Adventures in mutual credit

Climate crisis

I suspected for a long time that our civilisation wasn't viable. When the banks crashed in 2008 I paid attention to a lot of apocalyptic reporting that said we came this close to economic Armageddon - whatever that meant.

How could businesses support Extinction Rebellion?

As climate change inevitably rises up the political agenda, the shame of being seen not to act on it increases. Climate concerns everyone, even the rich, even the unborn, and everyone is invited to participate. Unlike with race, gender and class struggles, no one group can claim to own it. But what about those non-human persons, corporations? A few days ago, an initiative for businesses to join the rebellion started, but after objections from within the movement, it has been dropped - for now.

Building a credit commons exchange.

The usual mechanism of exchange in daily life and in cryptocurrency markets is using an intermediate commodity called money. If you want to swap the goods and services (G&S) you produce for other G&S you put your G&S on a bilateral market and swap it for money with whoever wants to pay the most for it. Then you take your money into another market and swap your money for the G&S that you want. Since money is a commodity like any other, you don't have to swap G&S for G&S but can move money in and out of the exchange.

UK mutual credit network: register your interest

I've learned in the last decade just how hard it is to work outside the money system. Its like trying to work outside of Facebook - there just isn't anything else equivalent, and all your connections are there. If you drop out of the money system you lose all your trading partners and may struggle to build a new network in a field which is narrower and has less powerful tools.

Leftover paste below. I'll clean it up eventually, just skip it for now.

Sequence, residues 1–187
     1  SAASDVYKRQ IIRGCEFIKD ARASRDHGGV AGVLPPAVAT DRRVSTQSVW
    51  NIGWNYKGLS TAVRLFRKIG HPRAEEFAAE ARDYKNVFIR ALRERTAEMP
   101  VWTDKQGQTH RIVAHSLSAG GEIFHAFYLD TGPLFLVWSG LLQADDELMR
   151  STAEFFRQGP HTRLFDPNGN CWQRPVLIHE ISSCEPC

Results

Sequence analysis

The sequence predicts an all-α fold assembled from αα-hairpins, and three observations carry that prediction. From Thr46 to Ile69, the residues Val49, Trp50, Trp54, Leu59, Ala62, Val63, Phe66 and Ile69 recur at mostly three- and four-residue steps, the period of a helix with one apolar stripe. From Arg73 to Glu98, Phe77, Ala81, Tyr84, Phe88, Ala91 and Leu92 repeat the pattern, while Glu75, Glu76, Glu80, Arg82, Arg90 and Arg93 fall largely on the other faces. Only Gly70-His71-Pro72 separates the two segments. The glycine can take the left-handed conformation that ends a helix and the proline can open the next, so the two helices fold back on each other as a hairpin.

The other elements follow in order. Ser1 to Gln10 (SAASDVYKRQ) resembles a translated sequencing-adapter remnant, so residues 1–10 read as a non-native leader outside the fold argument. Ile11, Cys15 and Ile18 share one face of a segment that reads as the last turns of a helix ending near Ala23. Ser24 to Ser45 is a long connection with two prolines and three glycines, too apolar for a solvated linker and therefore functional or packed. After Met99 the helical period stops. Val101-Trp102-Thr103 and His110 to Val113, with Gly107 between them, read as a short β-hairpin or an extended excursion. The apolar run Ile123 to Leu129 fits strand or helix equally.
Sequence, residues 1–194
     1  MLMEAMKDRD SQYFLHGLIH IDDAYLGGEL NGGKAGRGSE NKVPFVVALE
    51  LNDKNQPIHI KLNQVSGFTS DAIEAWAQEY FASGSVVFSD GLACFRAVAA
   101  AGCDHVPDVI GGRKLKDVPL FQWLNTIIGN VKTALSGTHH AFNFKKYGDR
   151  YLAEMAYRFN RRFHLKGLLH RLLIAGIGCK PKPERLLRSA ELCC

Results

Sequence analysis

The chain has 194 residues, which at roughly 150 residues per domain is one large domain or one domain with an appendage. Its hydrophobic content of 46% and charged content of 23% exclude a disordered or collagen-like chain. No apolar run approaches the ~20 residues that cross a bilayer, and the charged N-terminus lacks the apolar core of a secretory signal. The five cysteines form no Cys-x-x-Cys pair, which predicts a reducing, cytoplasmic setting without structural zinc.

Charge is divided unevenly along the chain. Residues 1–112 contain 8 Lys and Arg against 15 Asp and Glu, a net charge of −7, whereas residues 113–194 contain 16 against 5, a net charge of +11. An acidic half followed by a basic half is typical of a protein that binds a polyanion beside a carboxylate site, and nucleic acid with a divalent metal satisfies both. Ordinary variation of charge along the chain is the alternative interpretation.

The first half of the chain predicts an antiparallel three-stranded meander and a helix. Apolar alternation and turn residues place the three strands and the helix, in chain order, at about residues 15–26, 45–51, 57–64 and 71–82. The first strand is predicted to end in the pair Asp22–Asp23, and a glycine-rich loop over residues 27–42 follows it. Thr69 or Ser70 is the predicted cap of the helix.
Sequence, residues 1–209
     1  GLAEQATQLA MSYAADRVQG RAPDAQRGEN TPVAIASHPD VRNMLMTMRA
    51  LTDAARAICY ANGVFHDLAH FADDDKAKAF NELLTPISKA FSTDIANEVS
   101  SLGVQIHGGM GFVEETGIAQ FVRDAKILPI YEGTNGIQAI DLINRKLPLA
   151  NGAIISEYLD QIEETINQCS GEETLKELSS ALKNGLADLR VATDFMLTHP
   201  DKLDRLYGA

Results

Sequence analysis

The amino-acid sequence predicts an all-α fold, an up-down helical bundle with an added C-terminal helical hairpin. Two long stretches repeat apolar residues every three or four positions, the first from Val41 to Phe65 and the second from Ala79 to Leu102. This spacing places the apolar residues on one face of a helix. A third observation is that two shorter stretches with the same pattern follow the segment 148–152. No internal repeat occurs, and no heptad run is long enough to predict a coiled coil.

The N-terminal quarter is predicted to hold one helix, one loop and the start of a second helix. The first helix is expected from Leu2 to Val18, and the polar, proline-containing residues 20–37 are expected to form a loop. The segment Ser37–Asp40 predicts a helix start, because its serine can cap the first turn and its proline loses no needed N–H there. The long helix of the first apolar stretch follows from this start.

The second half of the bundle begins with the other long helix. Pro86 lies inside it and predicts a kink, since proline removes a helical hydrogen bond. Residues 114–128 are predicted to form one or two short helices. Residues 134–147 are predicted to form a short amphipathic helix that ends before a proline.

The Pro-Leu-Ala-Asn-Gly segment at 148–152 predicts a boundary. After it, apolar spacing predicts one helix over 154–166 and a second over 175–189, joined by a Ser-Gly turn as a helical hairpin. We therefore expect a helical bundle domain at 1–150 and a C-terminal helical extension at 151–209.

Terrible tokenomics: Yellowcoin

Selling tokens is now an accepted way to raise investment capital for IT projects, at least for speculative blockchain ventures. Tokens are not like shares an a company; they do not pay dividends or confer voting rights. Sometimes they can be used to buy the product or service, on the off-chance the company ever gets it to market. But sometimes it is neither of those, and issuers come up with creative ways to assure investors that success of the venture will somehow translate to demand for the tokens.

Personal currencies: Hayek's wet dream or Spaghettinomics?

Over the years I've come across a few proposals that any person or entity should able to issue their own currency, and I've always struggled about what that would mean and how it would work. This is relevant for recursive currency systems like the Credit Commons in which theoretically any member could create a currency as part of a larger monetary ecosystem. Recently I've been thinking these through and I think the benefits are outweighed by the drawbacks.

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